CHRISTMAS tree stocks are healthy at the district’s biggest producers amid signs of an airborne fungus taking root across the UK.

With 6,000 trees, Leigh Sinton Christmas Trees, near Malvern, is ready for the tree-buying season.

Manager Nick Beard says cutting will begin in earnest within a few days, and customers are expected to start arriving this weekend.

Already, commercial clients such as garden centres, wholesalers and schools are buying up the firm’s stock.

However, one worry is a tree-killing fungus called ‘current season needle necrosis’, affecting the most valuable variety of tree stocked – the Nordmann fir.

Mr Beard said although there had been some cases among his stock, the problem was “a minor worry”

unlike the scale of destruction wrought by an unrelated ash fungus.

There has been an increase in cases nationally this year, partly due to the wet summer and growers in the south-east are starting to see commercially damaging levels of infection.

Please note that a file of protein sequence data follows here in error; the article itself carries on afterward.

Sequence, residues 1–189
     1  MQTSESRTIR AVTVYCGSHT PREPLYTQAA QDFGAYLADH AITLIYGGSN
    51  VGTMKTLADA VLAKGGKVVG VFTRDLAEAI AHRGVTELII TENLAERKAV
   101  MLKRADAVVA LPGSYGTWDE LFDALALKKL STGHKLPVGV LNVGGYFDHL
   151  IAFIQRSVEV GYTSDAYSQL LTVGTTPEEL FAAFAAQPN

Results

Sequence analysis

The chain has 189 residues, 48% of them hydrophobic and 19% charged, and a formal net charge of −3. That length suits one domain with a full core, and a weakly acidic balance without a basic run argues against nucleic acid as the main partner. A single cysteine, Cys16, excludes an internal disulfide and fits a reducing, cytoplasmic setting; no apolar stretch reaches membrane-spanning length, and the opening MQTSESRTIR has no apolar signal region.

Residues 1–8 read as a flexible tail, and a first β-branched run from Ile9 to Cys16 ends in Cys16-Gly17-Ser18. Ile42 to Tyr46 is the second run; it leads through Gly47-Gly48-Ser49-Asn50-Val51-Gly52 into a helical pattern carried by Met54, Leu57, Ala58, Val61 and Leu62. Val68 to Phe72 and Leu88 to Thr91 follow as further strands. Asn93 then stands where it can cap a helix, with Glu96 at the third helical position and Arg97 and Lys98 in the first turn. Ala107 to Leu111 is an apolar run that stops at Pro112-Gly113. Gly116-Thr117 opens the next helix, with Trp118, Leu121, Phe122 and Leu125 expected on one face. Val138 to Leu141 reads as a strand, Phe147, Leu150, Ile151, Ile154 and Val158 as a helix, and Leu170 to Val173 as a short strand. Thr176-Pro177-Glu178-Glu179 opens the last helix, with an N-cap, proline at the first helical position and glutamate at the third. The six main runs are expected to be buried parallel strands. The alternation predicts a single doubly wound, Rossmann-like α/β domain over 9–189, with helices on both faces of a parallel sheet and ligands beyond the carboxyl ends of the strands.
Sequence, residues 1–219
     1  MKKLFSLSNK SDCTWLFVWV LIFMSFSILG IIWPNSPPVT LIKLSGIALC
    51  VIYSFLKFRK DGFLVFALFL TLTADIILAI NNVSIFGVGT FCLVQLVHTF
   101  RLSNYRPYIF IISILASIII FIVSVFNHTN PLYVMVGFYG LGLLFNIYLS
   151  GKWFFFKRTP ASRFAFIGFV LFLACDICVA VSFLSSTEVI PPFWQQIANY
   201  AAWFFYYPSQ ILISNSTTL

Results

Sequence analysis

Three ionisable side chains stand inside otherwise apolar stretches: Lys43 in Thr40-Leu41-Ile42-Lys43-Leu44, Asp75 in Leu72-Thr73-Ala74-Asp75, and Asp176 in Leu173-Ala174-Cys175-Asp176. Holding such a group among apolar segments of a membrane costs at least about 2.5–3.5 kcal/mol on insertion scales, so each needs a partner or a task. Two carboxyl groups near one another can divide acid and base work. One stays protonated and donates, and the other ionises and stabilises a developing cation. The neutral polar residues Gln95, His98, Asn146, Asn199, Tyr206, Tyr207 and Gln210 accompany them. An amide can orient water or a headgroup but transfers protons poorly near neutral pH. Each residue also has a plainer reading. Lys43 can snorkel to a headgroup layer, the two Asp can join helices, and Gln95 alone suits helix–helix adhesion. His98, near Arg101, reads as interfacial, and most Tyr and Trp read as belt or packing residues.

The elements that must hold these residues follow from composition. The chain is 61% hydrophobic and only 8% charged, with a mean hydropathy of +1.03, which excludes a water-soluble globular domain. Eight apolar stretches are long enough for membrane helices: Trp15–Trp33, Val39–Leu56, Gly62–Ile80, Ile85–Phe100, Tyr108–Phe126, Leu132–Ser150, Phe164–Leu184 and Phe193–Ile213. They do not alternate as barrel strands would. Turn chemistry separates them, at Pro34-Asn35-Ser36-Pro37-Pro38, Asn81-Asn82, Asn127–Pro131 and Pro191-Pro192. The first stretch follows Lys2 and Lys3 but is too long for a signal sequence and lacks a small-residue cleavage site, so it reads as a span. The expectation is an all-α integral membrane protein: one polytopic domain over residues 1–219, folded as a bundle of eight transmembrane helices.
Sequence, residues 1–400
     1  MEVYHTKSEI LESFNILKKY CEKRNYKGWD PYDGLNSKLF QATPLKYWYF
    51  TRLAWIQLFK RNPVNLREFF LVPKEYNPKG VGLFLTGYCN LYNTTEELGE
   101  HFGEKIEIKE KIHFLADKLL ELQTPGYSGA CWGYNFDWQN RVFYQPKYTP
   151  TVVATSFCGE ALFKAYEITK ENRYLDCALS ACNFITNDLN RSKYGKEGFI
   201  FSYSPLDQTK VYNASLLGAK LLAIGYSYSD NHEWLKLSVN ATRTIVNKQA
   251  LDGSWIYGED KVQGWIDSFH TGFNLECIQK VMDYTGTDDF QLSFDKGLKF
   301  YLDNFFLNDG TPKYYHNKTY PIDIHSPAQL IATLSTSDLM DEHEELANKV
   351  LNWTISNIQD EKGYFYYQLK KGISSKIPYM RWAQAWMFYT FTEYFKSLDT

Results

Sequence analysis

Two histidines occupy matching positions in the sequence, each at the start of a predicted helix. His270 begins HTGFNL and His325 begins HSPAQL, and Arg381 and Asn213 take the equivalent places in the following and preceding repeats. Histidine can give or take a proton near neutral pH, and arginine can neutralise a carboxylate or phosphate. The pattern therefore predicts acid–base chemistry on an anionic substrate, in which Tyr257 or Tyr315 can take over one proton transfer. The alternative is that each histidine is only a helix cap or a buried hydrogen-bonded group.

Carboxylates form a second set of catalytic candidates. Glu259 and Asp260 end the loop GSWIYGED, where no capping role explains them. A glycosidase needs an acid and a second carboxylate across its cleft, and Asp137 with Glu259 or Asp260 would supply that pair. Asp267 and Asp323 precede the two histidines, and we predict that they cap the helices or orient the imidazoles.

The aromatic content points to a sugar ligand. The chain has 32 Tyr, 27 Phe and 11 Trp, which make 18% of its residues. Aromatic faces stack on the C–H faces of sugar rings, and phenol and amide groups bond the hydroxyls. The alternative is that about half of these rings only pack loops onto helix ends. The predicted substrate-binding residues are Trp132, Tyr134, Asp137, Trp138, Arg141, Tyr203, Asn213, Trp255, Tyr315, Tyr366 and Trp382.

The fungus turns the usually green firs brown, and can kill them.

“There is a lot of research about how and when is best to treat it with fungicides, but no definitive answer as yet, so we’re monitoring the situation,” said Mr Beard.

“It is a slight worry when we’re marking up our trees in the summer, and you see signs of this fungus – which you know you cannot sell.

Meanwhile, Coddington Christmas Tree Farm, near Ledbury, has largely escaped the fungus.

Owner Colin Palmer said: “It’s not that usual for us.

We’ve had five trees affected this year out of 10,000. It’s not a problem.”